I love McWhorter for his intelligence, humor and rational yet humanistic approach to reality. My parents were civil rights activists in Rochester, NY when I was born there in the 60s, and we lived in numerous places in the city that had a healthy population of Blacks, and though I often appreciated the rhythm and soulfulness of “Black American” language, I never realized how complicated and rule-following it was until listening to this audiobook. I had sung in the Gospel Group in college there, and although I could hold my own and belt it out if I had a strong singer near me that I could literally resonate with, I could have never taken a solo without embarrassing the hell out of myself (no pun intended). We went to a statewide Gospel choir gathering and this huge auditorium of people were in a big hall learning the new songs we were to perform the next day, and I was completely lost in the flurry. I could not believe how quickly they moved onto the next song! I went to the choir leader to express my frustration, and he chuckled and told me that most of the folks (I was one of only a handful of Whites involved) grew up singing these type of songs in church from when they were just babies, and I should just sit back and clap along and enjoy the experience. It was excellent advice.
Black culture has given so much to our American culture, it is time for us to be raising each other up for all of our contributions rather than letting extremists on both ends of our political spectrum divide and destroy us. Thank you for an excellent book, I’m eagerly awaiting your next!!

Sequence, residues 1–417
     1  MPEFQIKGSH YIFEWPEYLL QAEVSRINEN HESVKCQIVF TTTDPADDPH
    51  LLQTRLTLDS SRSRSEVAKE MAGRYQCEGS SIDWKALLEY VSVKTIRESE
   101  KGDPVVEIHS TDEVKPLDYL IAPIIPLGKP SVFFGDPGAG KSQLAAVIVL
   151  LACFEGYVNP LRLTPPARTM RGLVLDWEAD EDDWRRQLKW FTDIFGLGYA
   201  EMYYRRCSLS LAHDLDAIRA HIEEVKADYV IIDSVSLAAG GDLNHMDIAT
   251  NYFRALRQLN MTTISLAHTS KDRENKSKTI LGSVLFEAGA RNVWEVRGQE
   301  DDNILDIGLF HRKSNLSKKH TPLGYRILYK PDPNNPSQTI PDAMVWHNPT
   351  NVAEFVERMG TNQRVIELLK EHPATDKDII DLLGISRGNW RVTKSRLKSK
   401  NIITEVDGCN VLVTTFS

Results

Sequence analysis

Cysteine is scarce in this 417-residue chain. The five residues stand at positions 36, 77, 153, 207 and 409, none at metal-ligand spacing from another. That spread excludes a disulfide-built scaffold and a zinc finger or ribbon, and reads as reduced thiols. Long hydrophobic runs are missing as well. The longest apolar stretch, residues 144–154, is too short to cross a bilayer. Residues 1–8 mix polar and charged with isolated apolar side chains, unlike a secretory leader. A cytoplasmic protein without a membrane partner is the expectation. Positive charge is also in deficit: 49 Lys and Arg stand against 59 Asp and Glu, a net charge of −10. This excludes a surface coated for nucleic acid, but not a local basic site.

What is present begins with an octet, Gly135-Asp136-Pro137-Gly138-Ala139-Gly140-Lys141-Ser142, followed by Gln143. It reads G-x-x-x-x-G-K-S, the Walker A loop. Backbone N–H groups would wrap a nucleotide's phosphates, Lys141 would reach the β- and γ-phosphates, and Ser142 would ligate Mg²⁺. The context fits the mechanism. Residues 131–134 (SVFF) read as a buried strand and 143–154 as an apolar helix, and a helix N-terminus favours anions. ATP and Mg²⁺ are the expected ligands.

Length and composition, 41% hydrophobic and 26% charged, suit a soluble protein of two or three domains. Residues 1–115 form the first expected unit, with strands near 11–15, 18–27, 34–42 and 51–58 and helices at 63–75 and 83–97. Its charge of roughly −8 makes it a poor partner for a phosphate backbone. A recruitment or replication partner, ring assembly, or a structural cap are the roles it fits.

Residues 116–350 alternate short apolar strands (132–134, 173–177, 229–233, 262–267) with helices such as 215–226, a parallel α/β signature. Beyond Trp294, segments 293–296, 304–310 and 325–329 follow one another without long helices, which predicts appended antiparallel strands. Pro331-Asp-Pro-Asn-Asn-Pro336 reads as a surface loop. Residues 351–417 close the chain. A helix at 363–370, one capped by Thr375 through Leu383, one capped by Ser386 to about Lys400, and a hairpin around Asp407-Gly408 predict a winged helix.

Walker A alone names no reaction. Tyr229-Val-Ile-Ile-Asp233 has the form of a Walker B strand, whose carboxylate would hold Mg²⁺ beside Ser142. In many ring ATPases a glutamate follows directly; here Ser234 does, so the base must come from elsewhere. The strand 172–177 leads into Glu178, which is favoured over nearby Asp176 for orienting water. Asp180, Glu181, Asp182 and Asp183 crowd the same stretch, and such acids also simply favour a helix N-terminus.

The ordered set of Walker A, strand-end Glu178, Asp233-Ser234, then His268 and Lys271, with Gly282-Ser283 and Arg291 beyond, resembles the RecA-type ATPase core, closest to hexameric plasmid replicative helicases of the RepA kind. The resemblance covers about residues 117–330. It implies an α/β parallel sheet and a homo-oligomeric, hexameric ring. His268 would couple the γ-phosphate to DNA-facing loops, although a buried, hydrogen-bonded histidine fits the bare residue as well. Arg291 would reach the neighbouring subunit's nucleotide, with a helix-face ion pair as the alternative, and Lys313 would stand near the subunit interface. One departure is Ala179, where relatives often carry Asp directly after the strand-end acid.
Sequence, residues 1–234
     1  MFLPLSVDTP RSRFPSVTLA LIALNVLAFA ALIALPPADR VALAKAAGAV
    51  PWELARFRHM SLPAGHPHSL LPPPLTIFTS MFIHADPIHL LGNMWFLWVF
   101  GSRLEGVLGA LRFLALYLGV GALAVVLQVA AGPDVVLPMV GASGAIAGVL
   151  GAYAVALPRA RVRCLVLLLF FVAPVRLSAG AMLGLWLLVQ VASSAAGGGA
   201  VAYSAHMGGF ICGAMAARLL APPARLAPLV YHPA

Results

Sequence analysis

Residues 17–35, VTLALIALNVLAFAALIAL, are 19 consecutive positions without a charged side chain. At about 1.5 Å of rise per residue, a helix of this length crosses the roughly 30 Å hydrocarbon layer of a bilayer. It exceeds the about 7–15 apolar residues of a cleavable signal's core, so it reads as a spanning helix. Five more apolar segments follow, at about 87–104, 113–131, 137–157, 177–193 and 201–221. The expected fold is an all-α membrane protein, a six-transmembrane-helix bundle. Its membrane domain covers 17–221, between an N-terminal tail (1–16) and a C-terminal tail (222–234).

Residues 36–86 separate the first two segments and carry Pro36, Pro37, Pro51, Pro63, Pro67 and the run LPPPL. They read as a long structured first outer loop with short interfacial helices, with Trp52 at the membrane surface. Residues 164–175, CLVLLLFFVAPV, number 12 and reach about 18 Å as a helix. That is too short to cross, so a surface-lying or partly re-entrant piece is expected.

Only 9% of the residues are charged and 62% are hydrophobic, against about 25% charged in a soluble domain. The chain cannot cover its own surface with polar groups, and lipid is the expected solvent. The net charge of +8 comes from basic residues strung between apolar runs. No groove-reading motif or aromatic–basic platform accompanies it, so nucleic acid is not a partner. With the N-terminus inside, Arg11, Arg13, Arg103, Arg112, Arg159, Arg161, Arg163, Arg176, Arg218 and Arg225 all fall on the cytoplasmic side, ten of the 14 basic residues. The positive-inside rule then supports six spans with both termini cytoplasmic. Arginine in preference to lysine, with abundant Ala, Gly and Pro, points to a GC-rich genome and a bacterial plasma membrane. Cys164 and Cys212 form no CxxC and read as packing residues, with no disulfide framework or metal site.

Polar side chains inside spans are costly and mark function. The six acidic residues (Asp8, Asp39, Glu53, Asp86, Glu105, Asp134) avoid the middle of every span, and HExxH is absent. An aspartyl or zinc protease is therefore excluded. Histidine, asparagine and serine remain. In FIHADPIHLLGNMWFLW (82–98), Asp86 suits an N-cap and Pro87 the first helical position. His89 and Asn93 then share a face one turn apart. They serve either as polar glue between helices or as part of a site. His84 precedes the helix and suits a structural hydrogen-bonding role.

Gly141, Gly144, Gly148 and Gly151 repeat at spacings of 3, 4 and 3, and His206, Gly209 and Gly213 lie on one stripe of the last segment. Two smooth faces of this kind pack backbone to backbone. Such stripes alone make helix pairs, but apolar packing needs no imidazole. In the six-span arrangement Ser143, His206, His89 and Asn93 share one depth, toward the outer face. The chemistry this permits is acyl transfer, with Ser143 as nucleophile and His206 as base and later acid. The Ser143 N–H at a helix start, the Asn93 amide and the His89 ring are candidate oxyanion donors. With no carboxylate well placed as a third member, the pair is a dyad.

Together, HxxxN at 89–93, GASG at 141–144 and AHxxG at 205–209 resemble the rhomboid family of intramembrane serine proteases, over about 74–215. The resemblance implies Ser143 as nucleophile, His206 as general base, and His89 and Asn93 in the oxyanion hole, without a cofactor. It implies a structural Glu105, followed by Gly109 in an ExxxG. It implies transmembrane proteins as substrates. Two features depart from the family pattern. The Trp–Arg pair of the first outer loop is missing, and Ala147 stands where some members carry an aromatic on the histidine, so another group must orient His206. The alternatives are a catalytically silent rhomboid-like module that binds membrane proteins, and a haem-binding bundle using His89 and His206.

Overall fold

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  • Anonymous User
  • 26-01-21

Great Book!

As an educated African American man, I found this book enlightening in more ways than one. The depth of research and attention to details used to formulate the conclusions astounded me. He did his thang 4 sho...

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  • Shaun
  • 07-10-20

Eye opening and educational

Prof. McWhorter lays out the case as to why Black English is not only NOT bad grammar, but a language in and of itself. wonderful reading of his own work.

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  • W. Norman
  • 21-08-20

QED. Case closed.

The tools from historical and comparative linguistics will be familiar to fans of McWhorter’s other books and Great Courses. He applies them here to misconceptions about Black English that are still almost universally held by Americans of all ethnic origins. The case here for the utter normalcy of Black English as a real dialect is so thorough and accessible, there is no excuse — especially among policy makers and educators — for continued ignorance or disrespect. Tour de force.

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  • Timmy the G
  • 08-07-21

Excellent

McWhorter's intelligent explanation of this subject is enlightening. I learned a lot and will likely listen at listen at least once more.

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  • Bill Pennock
  • 24-06-21

Successful in his goal for this listener

Before: I knew black people sometimes talked differently among themselves. To me, a white guy with limited exposure, it sounded sloppy. After: I understand it is a validly different dialect with nuances standard English doesn’t have and a lack of some of standard English nuances that don’t really change the ability of the listener to understand. And it now has a name for me the is, for me, more direct and less loaded with weighed down with controversy than Ebonies, Black English. In today’s suddenly increasingly intolerant world I think this is a step in the direction of an understanding of the reality of race today rather than the politics of race today. Bill Pennock